She could see the light over the door of the service station’s restroom. It wasn’t far now, they would make it. Shifting the weight of the sleeping child in her aching arms, she looked at the child wearily walking at her side and said, “Almost there!”
Cautiously stepping up to the door she turned the doorknob. Relieved to find it unlocked she ushered the children quickly inside, closing and locking it behind them. “We should be safe tonight,” she said, hitting the button on the hand dryer, and praying the heat would warm their chilled little bodies. Pulling an old pillow, several ragged blankets and a tattered tarp from her oversized backpack, she settled the children onto the pillow, gently wrapping the blankets and tarp around and under them for maximum warmth.
“Kimmey,” she said, to the little girl looking up at her with big frightened eyes. “Honey, Mommy’s going to that Deli we saw on the other side of the parking lot. I promise I won’t be long.” Kneeling, she gently and lovingly drew them close. “You’re safe here,” she said, giving them fierce hugs and kisses before cautioning them to lock the door behind her.
Stepping outside, she scanned the area then dashed across the parking lot. In less than a minute she was standing in front of the Deli. Hastily pulling her coat around her, she stepped inside, took the roll of bills and change totaling six dollars and ninety-three cents, from her pocket, and stepped up to the counter.
“We’re closed,” said the man behind the counter. “Grills off, sorry, all we have left are a few fries and about three dried up burgers to feed the old dumpster, ha-ha!”
“Oh no!” said Mary, “Is there someplace else I could buy sandwiches and milk at this late hour?”
The man looked at Mary for a long moment, as if considering her question. Then just as he opened his mouth to speak, a very loud voice from in the back of the store yelled, “Henry, come here, please?”
“Coming, dear,” he said as he winked at Mary, shrugged his shoulders, and was gone.
Mary shifted her gaze from the man’s retreating back to the counter. In his haste he had forgotten to close the cash register, which tempted her with stacks of ones, fives, tens and twenty dollar bills, sighing she forced her gaze away from the tempting sight.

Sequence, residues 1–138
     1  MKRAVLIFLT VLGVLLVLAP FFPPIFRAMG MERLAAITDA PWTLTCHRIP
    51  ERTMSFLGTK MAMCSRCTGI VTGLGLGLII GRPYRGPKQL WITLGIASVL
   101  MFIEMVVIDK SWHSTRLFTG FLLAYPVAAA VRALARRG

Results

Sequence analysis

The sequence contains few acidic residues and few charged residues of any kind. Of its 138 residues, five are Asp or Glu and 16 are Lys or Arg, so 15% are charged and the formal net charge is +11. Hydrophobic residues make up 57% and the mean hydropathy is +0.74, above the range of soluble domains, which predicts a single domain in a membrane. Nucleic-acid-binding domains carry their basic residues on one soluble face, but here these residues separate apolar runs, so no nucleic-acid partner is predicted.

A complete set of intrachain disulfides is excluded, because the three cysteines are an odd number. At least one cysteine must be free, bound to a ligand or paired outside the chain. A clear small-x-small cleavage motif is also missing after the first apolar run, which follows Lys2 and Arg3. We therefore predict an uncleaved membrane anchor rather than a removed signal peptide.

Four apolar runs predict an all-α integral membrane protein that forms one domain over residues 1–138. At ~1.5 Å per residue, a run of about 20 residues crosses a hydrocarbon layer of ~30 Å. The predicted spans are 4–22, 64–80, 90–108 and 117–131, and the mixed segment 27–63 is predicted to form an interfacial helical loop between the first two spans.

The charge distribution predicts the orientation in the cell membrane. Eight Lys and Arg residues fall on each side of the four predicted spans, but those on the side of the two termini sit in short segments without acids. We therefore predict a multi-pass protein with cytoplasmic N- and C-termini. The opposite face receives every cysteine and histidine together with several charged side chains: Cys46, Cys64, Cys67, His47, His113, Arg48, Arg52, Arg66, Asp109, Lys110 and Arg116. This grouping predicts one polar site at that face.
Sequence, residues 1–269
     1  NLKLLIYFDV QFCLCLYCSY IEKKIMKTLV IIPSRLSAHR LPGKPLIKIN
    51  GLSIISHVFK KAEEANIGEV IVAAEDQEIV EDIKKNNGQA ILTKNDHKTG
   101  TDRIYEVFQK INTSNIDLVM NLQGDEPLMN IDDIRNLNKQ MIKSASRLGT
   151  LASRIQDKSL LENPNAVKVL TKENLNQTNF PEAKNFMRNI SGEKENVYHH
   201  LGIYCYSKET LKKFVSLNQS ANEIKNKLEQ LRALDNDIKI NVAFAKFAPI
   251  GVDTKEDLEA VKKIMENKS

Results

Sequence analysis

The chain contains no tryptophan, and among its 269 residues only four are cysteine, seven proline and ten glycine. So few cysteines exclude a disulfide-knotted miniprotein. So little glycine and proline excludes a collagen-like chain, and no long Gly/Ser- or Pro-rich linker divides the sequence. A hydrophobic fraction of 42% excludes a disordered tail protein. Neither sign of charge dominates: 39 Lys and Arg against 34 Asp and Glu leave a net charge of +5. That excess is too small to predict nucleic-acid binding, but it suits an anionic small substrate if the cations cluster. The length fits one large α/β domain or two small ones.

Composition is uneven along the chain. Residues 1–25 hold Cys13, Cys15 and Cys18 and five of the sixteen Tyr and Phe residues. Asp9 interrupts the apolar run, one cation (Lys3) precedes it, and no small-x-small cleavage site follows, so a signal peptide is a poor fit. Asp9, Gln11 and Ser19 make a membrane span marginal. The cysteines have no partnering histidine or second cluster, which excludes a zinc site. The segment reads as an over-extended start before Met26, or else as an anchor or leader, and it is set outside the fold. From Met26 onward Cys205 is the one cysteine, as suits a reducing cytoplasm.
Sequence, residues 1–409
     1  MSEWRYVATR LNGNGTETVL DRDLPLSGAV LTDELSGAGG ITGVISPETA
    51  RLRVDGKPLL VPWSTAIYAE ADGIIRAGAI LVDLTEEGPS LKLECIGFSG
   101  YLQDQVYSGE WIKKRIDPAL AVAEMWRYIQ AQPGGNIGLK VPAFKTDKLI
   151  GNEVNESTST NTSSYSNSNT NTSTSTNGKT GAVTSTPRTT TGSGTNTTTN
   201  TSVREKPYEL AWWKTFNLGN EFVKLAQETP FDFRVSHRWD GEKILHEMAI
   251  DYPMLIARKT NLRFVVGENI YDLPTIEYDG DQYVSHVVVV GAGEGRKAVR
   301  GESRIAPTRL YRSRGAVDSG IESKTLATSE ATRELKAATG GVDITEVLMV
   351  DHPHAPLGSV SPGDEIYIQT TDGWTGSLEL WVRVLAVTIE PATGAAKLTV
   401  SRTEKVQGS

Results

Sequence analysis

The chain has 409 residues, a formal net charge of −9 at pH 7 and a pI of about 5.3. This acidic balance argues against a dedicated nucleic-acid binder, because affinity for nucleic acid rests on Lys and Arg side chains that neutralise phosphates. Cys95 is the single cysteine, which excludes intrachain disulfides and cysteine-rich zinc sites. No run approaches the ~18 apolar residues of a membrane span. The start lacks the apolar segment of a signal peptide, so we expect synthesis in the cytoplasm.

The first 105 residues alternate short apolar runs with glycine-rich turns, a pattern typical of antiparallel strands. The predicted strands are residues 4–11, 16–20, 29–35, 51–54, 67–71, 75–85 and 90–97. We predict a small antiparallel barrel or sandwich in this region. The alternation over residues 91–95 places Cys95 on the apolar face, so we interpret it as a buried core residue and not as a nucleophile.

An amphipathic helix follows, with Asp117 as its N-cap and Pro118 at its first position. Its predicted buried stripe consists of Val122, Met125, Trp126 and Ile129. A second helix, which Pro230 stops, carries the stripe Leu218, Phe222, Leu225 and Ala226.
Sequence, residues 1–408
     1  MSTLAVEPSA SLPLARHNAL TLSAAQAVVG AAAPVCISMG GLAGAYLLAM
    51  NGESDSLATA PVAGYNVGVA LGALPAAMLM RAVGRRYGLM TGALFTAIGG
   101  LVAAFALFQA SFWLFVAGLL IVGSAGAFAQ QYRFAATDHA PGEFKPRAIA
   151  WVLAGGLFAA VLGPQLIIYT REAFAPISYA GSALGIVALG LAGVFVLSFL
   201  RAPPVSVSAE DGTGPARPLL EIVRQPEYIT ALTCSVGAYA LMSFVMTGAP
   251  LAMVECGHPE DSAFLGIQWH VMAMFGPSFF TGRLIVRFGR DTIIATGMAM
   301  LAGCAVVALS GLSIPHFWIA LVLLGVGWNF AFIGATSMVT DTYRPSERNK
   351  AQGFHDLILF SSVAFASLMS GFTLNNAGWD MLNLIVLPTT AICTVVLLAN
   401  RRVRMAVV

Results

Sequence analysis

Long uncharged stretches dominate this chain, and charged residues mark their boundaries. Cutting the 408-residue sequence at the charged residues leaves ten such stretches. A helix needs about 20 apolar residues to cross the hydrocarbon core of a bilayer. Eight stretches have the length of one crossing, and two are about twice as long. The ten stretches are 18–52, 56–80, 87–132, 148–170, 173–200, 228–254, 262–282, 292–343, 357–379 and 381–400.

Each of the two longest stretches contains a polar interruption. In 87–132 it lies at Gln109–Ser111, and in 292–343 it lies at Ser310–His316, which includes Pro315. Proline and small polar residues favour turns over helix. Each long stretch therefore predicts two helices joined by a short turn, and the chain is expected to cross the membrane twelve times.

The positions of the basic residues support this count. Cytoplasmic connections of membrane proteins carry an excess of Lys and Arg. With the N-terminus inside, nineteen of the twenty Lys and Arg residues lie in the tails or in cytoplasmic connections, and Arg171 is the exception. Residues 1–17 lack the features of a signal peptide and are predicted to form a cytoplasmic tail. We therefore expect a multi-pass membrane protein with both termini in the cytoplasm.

The man returned almost immediately with a large paper sack in his hand. “Wife said to give you this,” he said.
“Why in the world would she do that?” asked Mary. Besides, I can’t possibly pay for all that!” she stammered looking longingly at the bag with all the good smells coming from it.
“I didn’t say sell you, I said give you,” stated Henry gruffly, “So here I’m giving.”
Mary looked at the bag, “But why?” she asked again, confused and bewildered by their generosity.
“Aw shucks,” said Henry with a grin. “The wife happened to be looking out the window and saw you and the children go into the restroom. Right now she is in the back with her nose pressed against the pane. Believe me, if anyone goes anywhere near there, she’ll call the cops.”
His words astonished and terrified her. “No one’s ever befriended, or helped us before. Why would you?” she asked, puzzled by his concern.
“We, the wife and I, know practically everyone in this part of the country, and we know you’re not from around here. A simple deduction says you’re homeless or runaways, either way you look as if you could use a good hot meal.”
Her eyes grew bigger and bigger as she listened to him. Suddenly terrified she bolted for the door, leaving the bag of food behind.
What was I thinking, she thought bitterly scolding herself, the minute she stepped outside. If someone comes snooping around asking questions, what’s to keep him from telling them where we are? I wish I’d never gone in there. But I had to get the children something to eat. It’s been two days since they’ve eaten anything except a handful of berries! I had to try! Though I still don’t have anything for them to eat. She thought bitterly.
Tapping softly on the door, she said, “Kimmey it's Mommy.”
What was I thinking taking Billy and Kimmey away from their home! She asked herself. I’ve put them in danger, not only from their father and his monsters, but from possibly starving or even freezing to death.
Will we ever be safe? How can I take care of them, if I have to keep looking over my shoulder? I hate being on the run, of always being afraid I can’t stay one-step ahead of them.